During my time at theological college, when I was training for the ordained ministry, one of the persistent complaints amongst some of my fellow students was that there was nowhere where they could go to pray. When members of staff pointed out that there was a perfectly adequate chapel in the college, as well as a beautiful parish church round the corner, which was open all day and completely at their disposal, the students remain unpersuaded. They argued that the chapel and the church were fine for the formal acts of worship which were a compulsory part of our daily routine – but they were far too formal if one simply wanted to be quiet and alone for one’s personal devotions.
When the staff then pointed out that every student had a private room of their own in college, where they could be as informal as they liked in their spiritual devotions, the students were similarly unconvinced: ‘We cannot be expected to pray in the same room in which we have to work’, one of the said. ‘What we need is a special place: a quiet room that is set apart, with cushions on the floor, and icons to meditate upon. A place where we can be silent and find peace.’
This debate rumbled on for some time, until eventually the staff gave in and found a small room in one of the basements, which was duly redecorated and fitted out with cushions and icons, exactly as the students requested. And during the first few days that it was made available, the new quiet room did indeed attract a number of student visitors. But after the first week or so, as soon as the novelty had worn off, nobody really ever went there again. After all, it was a bit out of the way, down there in the basement. So the new prayer room was abandoned and unused, and the students found something else to complain about. ‘Why can’t we have more courses on spirituality?’ they asked. ‘We can’t be expected to maintain a lifetime’s discipline of prayer and devotion if you don’t give us courses on spirituality!’
The moral of this story is this: there are times for all of us when we find it difficult to pray. And when that happens, the temptation is always to blame the difficulty on external factors. Perhaps, like those students, we feel that we haven’t got the right place to pray; or perhaps we feel that we haven’t found the right book to use. I can think of a clergyman of my acquaintance whose bookshelves are positively creaking under the weight of all the prayer books and other spiritual resources that he has collected over the years – yet he still feels that he hasn’t yet managed to find the right one for him. If only he could find that elusive book, then praying would of course suddenly become very easy.
I suspect that he is just as mistaken as the students were about the source of the problem. If ever we find it difficult to pray, the likelihood is that the problem is within ourselves. And if that is the case, then no amount of quiet rooms or resource books will provide a solution.
What did Jesus do when he prayed? After all, he didn’t have access to specially designed quiet rooms, or fancy prayer books. He simply found a place where he could be alone, and he talked to God. Yes, it really was that straightforward.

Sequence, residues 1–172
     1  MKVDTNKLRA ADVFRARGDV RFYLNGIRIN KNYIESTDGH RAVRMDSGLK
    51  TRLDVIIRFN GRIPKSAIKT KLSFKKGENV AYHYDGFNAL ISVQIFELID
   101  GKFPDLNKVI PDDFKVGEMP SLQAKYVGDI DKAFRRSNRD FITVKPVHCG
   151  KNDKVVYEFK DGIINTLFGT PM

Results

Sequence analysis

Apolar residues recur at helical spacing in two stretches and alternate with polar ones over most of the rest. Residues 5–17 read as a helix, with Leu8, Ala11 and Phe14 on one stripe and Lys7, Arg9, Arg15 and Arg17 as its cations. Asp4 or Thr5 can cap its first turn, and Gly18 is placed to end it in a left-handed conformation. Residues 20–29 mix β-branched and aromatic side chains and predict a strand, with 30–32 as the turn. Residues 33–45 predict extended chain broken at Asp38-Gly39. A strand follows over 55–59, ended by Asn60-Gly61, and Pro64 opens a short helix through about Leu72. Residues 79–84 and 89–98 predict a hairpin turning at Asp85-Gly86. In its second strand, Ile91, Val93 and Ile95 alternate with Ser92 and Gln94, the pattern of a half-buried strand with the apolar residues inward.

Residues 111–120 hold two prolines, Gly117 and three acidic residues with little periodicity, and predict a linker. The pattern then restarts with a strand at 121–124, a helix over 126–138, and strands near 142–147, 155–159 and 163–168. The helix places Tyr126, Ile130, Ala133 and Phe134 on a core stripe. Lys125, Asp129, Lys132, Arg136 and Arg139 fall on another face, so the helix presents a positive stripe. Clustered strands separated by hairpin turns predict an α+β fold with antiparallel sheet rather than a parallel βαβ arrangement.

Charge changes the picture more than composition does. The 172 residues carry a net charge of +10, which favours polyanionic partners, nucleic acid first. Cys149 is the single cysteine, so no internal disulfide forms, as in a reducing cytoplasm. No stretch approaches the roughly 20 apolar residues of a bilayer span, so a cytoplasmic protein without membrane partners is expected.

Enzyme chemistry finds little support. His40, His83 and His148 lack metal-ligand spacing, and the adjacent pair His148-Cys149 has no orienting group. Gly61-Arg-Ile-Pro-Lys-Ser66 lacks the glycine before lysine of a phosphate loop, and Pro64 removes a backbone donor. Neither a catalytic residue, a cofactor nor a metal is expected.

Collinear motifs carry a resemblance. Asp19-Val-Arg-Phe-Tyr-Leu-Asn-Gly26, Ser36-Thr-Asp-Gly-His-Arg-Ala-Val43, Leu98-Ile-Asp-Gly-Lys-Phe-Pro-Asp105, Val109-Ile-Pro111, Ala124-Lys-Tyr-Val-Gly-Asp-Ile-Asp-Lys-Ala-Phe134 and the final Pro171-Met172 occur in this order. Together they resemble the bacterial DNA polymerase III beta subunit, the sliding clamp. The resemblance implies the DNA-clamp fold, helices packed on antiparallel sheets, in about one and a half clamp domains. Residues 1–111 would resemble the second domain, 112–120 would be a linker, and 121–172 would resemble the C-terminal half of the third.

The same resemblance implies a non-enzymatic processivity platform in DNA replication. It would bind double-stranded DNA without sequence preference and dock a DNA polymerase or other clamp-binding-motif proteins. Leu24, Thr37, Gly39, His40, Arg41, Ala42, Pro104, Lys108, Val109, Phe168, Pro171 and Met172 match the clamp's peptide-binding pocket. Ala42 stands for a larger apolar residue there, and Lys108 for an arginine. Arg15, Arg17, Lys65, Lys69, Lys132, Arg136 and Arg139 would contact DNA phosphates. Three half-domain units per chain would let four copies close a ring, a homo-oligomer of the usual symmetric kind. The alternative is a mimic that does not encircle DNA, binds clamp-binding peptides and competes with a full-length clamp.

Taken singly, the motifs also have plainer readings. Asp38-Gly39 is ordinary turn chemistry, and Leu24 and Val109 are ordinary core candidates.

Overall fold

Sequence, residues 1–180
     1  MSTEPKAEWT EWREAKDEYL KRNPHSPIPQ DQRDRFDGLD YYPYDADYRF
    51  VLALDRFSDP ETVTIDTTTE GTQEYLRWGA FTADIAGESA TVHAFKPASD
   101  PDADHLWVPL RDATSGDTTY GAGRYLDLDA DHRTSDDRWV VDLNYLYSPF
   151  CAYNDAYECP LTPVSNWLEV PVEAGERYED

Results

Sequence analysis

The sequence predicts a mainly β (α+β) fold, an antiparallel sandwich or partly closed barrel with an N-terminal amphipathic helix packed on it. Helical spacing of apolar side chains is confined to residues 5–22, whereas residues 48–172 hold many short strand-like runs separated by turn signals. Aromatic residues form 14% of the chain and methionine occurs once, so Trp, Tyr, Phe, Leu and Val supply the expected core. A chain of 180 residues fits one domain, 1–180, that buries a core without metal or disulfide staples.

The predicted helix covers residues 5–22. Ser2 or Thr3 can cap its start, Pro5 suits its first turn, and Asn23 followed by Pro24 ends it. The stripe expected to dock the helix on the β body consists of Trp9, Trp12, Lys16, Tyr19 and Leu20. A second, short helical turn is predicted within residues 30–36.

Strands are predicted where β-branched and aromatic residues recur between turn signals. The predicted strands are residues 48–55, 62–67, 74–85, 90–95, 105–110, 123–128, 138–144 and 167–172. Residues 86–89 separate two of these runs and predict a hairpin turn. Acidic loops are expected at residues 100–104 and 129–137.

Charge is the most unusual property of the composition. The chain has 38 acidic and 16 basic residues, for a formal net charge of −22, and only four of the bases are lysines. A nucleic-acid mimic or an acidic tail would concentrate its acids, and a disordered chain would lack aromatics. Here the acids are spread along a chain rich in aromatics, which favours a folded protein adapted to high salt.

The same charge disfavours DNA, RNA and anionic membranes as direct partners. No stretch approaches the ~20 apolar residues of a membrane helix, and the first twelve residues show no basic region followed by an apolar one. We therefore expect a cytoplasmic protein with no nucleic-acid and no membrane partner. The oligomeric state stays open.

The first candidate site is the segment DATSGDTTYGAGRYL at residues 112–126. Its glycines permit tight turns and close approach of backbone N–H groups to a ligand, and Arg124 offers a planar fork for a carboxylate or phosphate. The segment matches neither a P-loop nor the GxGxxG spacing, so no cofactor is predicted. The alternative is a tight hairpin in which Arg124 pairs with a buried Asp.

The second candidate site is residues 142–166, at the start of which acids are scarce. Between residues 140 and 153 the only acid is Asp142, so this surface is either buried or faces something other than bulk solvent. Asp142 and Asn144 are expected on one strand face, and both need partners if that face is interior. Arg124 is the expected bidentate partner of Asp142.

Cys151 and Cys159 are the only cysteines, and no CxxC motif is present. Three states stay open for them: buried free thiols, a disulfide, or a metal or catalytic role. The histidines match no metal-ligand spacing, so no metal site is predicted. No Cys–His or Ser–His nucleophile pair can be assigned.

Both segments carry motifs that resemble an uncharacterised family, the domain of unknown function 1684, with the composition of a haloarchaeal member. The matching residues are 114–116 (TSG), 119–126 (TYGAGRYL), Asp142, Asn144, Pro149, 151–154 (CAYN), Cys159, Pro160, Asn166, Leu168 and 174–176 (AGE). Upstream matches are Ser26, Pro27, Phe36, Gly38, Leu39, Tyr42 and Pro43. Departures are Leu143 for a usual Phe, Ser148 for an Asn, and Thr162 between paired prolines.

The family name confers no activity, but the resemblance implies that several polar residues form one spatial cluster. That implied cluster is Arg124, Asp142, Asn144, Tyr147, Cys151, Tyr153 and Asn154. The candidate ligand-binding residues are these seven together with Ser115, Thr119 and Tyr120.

In our reading from St Matthew’s Gospel, we see Jesus instructing his disciples how to pray. What he gives them is the prayer familiar to all of us as the Lord’s Prayer. And if you think about it, that one prayer tells us just about everything that we need to know about praying.
We begin by acknowledging the might and majesty and holiness of God:
Our Father, who art in heaven, hallowed be thy name.
We pray that God’s will might be fulfilled in all things. But note that this is a God whom we address as Father:
Thy Kingdom come, thy will be done.
We pray that God will give us the things that we need (and remember this is about needs, not wants!):
Give us this day our daily bread.
And we are to ask God’s forgiveness for our failures and our wrongdoing – before reminding ourselves that we, in turn, have a duty to forgive those who have failed us and wrong us:
Forgive us our trespasses, as we forgive those who trespass against us.
And finally we ask God to keep us on the path of righteousness, so that we do not fall into evil ways:
Lead us not into temptation, but deliver us from evil.
Because all things, everything that we do, and all our hopes and aspirations, take place within an arena that is God’s arena, and will remain so throughout eternity:
For thine is the kingdom, the power and the glory, for ever and ever. Amen.
Which in essence tells us all that we need to know. This is a prayer that is emphatically not about asking God for things that we happen to desire, or think ought to happen. Rather it is a prayer in which we align our wills with the purposes of God. Which is why prayer, properly understood, is about listening as well as asking.
Prayer is actually rather straightforward. It doesn’t require special rooms or special books. Just do what Jesus did. Find a quiet place, speak to God, and begin to learn how to listen. Because, perhaps not there and then, but in his own time, and in his own way, God will want to speak to you, too.